Industries with a high labour cost or high cost of mistakes have the greatest potential to achieve a significant return on investment with these technologies.
3D printing drivers include a growing library of materials conducive to manufacturing techniques, an ability to produce complex geometries (e.g. engine parts), a lower number of components required to make a product, and a streamlining of workflows.
3D printing works best in industries where customization is critical, typically those with low-volume, high-value parts. Consumer products and the automotive, medical and aerospace industries are leading the use of 3D printing technologies
3D printing has improved and become more versatile. It is now transitioning from rapid prototyping to scaled production for select products, tooling and patterns, as well as repair and maintenance.
3D printing is becoming integrated in shop-floor production systems and will slowly move towards a “break even” point versus traditional manufacturing. Experts disagree but the general consensus is that desktop printing applications will eventually outpace industrial ones.
3D printing is already in mainstream use to produce highly customized medical devices, such as hearing aids and dental structures. 3D bioprinting is still early in the hype cycle, with 5-10 ten years until mass adoption.
As a process that has the potential to produce little to no waste and is capable of recycling materials, 3D printing could help to create a circular economy.
While trade in IP seems a logical progression, 3D scanning and copyright infringement are a significant threat to this type of trade. Establishing laws and regulations for controlling IP infringement is necessary to support and encourage further investment and innovation in 3D printing.
Converging Technologies: New Opportunities to Create Value
The convergence of these technologies will generate extraordinary value-creation opportunities. It will also raise important strategic questions for organizations and individuals throughout the economy and around the world.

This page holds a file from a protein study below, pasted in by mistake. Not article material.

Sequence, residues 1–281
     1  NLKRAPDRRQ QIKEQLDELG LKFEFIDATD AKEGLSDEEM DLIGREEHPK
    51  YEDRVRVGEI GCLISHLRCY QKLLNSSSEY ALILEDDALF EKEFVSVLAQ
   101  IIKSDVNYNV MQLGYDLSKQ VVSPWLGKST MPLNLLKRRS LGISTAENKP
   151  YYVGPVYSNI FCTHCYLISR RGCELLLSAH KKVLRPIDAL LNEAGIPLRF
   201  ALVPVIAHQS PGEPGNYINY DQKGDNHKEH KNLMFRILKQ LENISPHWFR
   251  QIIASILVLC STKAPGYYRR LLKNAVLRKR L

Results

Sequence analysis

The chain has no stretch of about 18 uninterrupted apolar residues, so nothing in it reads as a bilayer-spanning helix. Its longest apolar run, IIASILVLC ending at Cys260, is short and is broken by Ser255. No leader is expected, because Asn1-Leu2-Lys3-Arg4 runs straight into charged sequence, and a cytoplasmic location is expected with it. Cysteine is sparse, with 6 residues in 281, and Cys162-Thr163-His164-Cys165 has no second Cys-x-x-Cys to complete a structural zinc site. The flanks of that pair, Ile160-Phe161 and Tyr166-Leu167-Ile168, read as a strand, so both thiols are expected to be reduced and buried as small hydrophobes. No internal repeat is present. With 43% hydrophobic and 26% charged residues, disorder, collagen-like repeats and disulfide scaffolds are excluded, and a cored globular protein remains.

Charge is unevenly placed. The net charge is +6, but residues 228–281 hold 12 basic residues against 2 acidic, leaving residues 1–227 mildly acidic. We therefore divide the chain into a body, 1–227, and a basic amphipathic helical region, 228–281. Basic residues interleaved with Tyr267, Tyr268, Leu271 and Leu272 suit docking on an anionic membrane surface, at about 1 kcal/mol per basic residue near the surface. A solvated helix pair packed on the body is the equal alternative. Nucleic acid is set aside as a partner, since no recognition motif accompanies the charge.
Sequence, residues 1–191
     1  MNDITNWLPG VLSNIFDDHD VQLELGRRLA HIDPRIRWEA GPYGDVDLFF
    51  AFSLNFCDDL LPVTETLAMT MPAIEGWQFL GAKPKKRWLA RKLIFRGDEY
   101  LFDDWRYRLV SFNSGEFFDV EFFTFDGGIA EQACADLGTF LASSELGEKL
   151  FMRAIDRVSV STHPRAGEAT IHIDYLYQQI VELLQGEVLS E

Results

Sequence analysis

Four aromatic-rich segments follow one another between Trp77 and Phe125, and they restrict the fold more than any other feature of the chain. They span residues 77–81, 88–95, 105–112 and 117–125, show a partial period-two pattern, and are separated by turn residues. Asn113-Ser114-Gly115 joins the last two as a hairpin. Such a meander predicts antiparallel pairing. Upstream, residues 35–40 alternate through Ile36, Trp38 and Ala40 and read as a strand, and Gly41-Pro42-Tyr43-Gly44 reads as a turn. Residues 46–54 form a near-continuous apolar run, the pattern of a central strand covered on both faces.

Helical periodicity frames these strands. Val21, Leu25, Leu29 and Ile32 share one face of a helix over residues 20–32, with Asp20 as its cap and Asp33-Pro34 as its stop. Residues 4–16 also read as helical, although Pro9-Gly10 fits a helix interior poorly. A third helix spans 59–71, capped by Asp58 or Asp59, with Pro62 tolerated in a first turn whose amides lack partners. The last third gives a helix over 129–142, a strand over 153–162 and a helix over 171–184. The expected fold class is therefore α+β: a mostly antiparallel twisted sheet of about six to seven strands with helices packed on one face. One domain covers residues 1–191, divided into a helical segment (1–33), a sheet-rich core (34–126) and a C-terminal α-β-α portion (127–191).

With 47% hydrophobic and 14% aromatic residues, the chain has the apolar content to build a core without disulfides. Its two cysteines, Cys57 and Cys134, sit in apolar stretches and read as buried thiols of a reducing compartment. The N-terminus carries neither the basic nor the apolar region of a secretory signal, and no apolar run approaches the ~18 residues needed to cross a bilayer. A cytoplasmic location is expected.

1) For production sites, converging technologies give rise to a “factory of the future” model in which costs plummet; efficiency increases; and high-quality, quick-turnaround “batches of one” become feasible.
2) For firms, this convergence will open new avenues for the creation of customized and connected products, as well as novel business models such as pay-per-performance. To realize the full value of such developments, companies will need to establish new forms of collaboration with suppliers and other partners across the production chain.
3) For entire industries, the five technologies will combine to unlock wide-scale efficiencies and a deepened understanding of key customer segments.
4) For society, such prospective efficiencies are already generating fierce debate, and will compel governments to make hard choices and tradeoffs. Leaner production systems could well lead to further losses in industrial employment, but could also generate new job opportunities in a range of sectors.
5) Finally, for individuals, these shifts in the production cycle will have widely varying consequences. Workers in all sectors will need both technical skills and the ability to augment those skills as new technologies and business models arise.
These changes will compel government and business leaders to focus on what the convergence of advanced production technologies will mean for their companies and for society. Leaders of both sectors will have an interest in improving infrastructure, raising the technical skill levels of workers, and identifying gaps in governance structures.